Mission, Vision And Values
Your about page should contain information regarding who you are, where you aspire to be and what are your core beliefs.
The mission, vision and values trio can help you define the same. Your mission statement explains what you do, the vision statement shows your imagination of the future of your company, and the values statement conveys your priorities.
For example, Google’s about page starts with its mission statement.
Tell your visitors about the present and the future of your company. It is important to write these statements in a way that intrigues them.
You can always go through the statements by different brands for inspiration.
Reading these statements can increase their faith in your business. This can improve your branding considerably.
Call To Action
Yes. Even your About page needs a call to action (CTA). No exceptions.
Once someone has read more about you, what’s the logical next step? What action do you want them to take?
You may invite them to read your blog posts, subscribe to your newsletter or contact you. And your CTA will direct them to this action.
However, what your About Me page content doesn’t need is a bunch of different CTAs: follow me on social media, bookmark this website, buy this product, blah blah blah.
The biggest mistake you can make is to overwhelm the reader with too many things to do. As a result, the reader will end up doing nothing.
For example, see how EHD keeps the main focus on contact options on their about page. Other options like connecting on social media are also available, but they don’t take too much attention.
So stick to just one CTA. My recommendation is to ask them to join your email list. This way you’ll be able to stay in touch with them via emails and have a shot at bringing them back to your website.
About Page Mistakes To Avoid
When it comes to writing an About page, there are certain errors that I see often on several websites – errors which could have easily been avoided.
The following mistakes are pushing the very people away who you want to connect with in the first place – your websites visitors. But the good news is these are easy to fix.
Writing Boring Content
Here’s the #1 reason behind a boring website About page: fear.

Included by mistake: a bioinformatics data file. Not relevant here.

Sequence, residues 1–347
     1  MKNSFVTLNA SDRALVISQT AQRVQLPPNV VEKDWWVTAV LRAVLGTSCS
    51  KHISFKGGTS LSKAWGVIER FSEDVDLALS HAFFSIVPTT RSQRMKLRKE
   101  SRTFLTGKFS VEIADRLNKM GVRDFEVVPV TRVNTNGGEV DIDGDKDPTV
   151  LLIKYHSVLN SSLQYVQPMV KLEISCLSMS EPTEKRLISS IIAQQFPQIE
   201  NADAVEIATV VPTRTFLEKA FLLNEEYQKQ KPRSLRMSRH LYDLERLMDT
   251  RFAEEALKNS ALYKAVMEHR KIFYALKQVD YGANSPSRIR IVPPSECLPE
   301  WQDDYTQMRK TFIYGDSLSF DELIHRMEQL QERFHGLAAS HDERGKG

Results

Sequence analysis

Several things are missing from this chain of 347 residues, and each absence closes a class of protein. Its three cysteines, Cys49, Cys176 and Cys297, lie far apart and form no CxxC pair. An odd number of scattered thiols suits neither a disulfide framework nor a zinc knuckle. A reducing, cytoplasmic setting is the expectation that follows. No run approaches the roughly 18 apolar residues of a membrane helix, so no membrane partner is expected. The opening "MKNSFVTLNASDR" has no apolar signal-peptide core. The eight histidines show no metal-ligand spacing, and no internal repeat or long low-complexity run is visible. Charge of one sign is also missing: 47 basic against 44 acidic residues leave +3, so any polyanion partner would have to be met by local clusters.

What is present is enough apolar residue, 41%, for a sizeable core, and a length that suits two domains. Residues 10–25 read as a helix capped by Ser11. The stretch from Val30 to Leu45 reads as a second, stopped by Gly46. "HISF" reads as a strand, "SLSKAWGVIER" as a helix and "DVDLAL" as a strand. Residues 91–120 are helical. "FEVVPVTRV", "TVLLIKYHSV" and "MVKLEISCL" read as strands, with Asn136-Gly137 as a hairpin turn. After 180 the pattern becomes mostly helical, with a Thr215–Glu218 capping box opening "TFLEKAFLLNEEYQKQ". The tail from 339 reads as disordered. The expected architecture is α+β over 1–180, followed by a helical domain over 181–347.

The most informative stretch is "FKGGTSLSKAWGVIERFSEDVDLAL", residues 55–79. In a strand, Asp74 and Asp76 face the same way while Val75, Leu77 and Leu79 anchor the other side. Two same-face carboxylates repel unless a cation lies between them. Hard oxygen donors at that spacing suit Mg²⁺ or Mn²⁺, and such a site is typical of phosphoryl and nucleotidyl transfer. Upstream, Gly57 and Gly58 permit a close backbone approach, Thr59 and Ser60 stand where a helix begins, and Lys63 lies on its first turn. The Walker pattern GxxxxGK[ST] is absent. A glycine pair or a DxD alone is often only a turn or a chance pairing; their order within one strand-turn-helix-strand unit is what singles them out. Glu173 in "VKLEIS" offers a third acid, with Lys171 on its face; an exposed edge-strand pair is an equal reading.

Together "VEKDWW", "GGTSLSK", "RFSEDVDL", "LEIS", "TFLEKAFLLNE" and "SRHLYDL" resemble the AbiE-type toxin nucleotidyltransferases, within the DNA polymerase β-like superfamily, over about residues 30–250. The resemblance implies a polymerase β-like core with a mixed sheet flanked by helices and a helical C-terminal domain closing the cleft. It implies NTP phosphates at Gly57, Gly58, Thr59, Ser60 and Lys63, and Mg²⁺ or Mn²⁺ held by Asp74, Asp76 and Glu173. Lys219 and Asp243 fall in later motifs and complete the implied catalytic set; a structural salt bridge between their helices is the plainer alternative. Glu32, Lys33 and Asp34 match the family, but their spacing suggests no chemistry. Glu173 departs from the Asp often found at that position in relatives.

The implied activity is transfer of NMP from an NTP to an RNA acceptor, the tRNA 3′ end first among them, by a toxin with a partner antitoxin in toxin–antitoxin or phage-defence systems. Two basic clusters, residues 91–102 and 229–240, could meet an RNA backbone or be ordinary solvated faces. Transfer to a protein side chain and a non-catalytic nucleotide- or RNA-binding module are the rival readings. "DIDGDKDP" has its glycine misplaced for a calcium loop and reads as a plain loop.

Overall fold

It’s okay when you’re talking about your business. But your About page content requires you to put a part of yourself on the line. It makes you vulnerable.
And since you want people to like the person or team behind the website, you refrain from being real and try to play it safe.
So you hide the weirdness, dorkiness and the quirks that are part of being a unique human.
And that’s what makes your About Me page similar to a hundred other About pages on websites which are on the same subject as yours.
The result is a boring about page with a cold, corporate vibe.
So what’s the solution? Just be who you are and tell the truth.
Write in your honest, uncensored voice. And be ruthless when it comes to trimming out the corporate-speak or complicated jargon.
For example, look at Apptopia’s about page content. Their simple but refined language effectively conveys what they offer without compromising on clarity.
How did they do it? By avoiding jargon whenever possible. They are using short and punchy sentences to describe complex ideas in a way that’s easy to comprehend.
Using Clever Names
Some websites make it really hard for me to figure out where their About Me page is, or whether a particular page is their About page.
This is because they give the website About page some clever or confusing name like “What We Do” or “The Inside Scoop.”
When it comes to your website’s interface, remember the golden rule: Don’t make the user think. Just call it what everyone does and knows: About.
I don’t want to look at your “What We Do” page and wonder if that’s where you talk about your services or introduce your business and team.
Focusing Too Much On Yourself
I have read plenty of About page content over the years on different websites. Here’s what I have learned: most of them suck.
That’s because they all look the same. Here’s how a typical About Me page reads:
My name is [Name]. I was born in [Location]. I went to [College]. I have 3 [kids or dogs or cats or orangutans].
When I am not working, I like to do [Activity]. I started this website in [Year] because I love [Niche].
Follow me on Facebook and Twitter and LinkedIn
Do you see it? All these parts are focused on the website author, not the reader: “I am this”, “I like that” and so on. It’s all “me me me.”
Needless to say, it’s the wrong approach. Instead, you should tell them about the problem you solve for them, and why it’s important.
And what it is about you that relates to this problem and can help your audience.
Maybe you have faced these challenges before and solved them for yourself, or maybe you have years of formal education or experience. Talk about that.
There you go. When writing an About page, it’s easy to overcomplicate things and lose sight of your audience.
But remember – a great About Me page is simple, direct and communicates just a few key points. The objective is for the prospect to see your human side, understand how your website helps them and as a result, feel closer to your brand.
Did I miss anything? Did you like these tips? Do you have any questions or comments? Share your thoughts below in the comments section.